Christopher Nolan Movies, Ranked
Why so serious?
The trajectory of director Christopher Nolan's career is often framed in terms of scale: bigger budgets, bigger ideas, and bigger headaches for audiences trying to untangle the plots of his increasingly convoluted puzzle-movies. In addition to shooting sequences of his action blockbusters with IMAX cameras and screening them in the 70 mm format, he's also become an outspoken advocate for the moviegoing experience, a global pastime that's been put largely on pause during the COVID-19 pandemic. For months, the future of moviegoing has spun like that damn spinning top from Inception.
Now, Tenet, his latest science-fiction brain-teaser starring John David Washington and future-Batman Robert Pattison, will be released in select markets in America after premiering internationally last month. It might not be a great idea to rush out to theaters -- in fact, it might be a very bad idea -- but Nolan's other movies are all available to watch (or endlessly re-watch!) in the comfort of your own home, where you might discover a new favorite or poke fresh plot holes afterwards. If you turn on the subtitles, you can finally understand all of Tom Hardy's garbled Bane dialogue.
Though the London-born filmmaker has a reputation for producing cerebral, dour, and chilly movies, his work also displays an admirable commitment to old-fashioned suspense and unapologetic spectacle. He loves a pulse-pounding shoot-out, an eyebrow-singeing explosion, and a back-breaking fistfight between beefy movie stars. So, let's cut to the chase: We've ranked all of his features, including the endlessly mysterious Tenet, below -- from 11 to 1, with no time-shifting funny business. We'll leave that to the expert.
11. The Dark Knight Rises (2012)
The Dark Knight Rises, the finale of Nolan's box-office conquering and Oscar-winning Batman trilogy, is where his ambition, particularly his love of stacking narrative blocks on top of each other, finally got the best of him. This is a movie with a great opening (the plane sequence!) and a poignant ending (the shot of Michael Caine on vacation!). But the movie's long middle, with its exploding stadium, roving reactor core, and monologuing side characters, is often a slog, loaded up with empty political signifiers and belabored plot contrivances. (Even Anne Hathaway's charming turn as Selina Kyle/Catwoman gets lost in the shuffle.) Despite all this whirring activity, the movie is also oddly repetitive, with Christian Bale's Bruce Wayne rebuilding himself into Batman not just once but twice, which makes watching the 165-minute movie as arduous as climbing out of an underground desert prison. In attempting to fuse the propulsive style of The Dark Knight with the more lofty heroic myth-making of Batman Begins, while working in references to Charles Dickens and Occupy Wall Street, Nolan blows up his own franchise from within, leaving you to sort through the wreckage. -- Dan Jackson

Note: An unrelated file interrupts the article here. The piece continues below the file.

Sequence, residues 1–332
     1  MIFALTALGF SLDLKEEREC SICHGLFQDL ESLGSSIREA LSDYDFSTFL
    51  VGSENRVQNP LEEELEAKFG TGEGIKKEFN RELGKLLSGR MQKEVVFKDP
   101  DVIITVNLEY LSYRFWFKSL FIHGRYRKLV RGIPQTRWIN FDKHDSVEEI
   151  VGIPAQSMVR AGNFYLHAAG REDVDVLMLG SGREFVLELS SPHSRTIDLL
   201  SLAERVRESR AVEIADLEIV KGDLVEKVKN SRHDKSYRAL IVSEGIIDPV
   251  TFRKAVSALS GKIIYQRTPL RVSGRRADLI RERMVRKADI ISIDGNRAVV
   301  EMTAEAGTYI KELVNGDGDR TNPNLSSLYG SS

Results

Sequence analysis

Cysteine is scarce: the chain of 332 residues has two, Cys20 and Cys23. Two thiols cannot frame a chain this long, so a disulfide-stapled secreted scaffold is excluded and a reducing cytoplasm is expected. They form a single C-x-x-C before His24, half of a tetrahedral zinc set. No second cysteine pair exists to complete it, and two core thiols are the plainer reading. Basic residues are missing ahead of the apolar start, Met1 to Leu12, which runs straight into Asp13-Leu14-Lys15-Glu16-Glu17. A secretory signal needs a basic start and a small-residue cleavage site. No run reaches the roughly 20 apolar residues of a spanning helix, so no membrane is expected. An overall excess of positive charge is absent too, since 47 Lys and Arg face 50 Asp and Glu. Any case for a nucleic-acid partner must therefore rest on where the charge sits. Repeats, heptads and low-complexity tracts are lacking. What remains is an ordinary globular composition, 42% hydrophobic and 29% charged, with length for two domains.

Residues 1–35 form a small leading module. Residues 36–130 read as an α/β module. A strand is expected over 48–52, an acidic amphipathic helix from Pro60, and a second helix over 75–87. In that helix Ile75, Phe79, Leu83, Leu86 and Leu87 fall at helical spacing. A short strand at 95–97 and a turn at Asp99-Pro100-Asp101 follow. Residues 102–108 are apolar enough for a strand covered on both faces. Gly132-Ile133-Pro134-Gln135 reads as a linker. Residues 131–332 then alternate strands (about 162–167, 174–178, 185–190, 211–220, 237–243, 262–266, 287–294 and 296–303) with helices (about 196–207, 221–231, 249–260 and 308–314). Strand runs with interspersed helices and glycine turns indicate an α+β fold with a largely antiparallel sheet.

10. Insomnia (2002)
As the only remake and the only movie he doesn't have a screenwriting credit on (Hillary Seitz wrote the screenplay), Insomnia can look like the least personal film from an artist not exactly known for bristling self-analysis. But with its mentally unraveling, sleep-deprived detective protagonist played by Al Pacino, and its moral hand-wringing over questions of guilt and integrity, this fog-drenched neo-noir still reflects all the core Nolan thematic obsessions, even with the scene of the crime located in Alaska instead of Gotham City or the subconscious. In his first movie for a major studio -- Warner Bros., which has maintained a professional relationship with the director ever since -- Nolan proved he could work with A-list movie stars, getting one of the stronger "restrained" dramatic turns from Robin Williams. He also showed he could deliver a hit. The movie is mostly fine, the work of an ambitious filmmaker just beginning to, in the words of Tom Hardy, dream a little bigger, darling. -- DJ
9. Following (1998)
Nolan's first feature is decidedly more low tech than anything he would make in the future, but in a slight 69 minutes he sets the groundwork for all his future preoccupations. Following charts an unnamed man (Jeremy Theobald) who is ensnared in the aura of a charming thief (Alex Haw) who goes by the name of Cobb. (Is it coincidence that Leonardo DiCaprio's dream architect in Inception is also named Cobb? Probably not.) Even at a micro scale, Following has everything you associate with Nolan: mercurial figures, an internal universe with a strict set of rules, and a big twist. Made on a tiny budget, it can't help but feel a little roughshod, and the shoestring nature highlights Nolan's foibles as well as his strengths, especially when it comes to character development. On its own, Following is an intriguing lark, but in context it's a valuable sign of things to come. -- Esther Zuckerman
8. Interstellar (2014)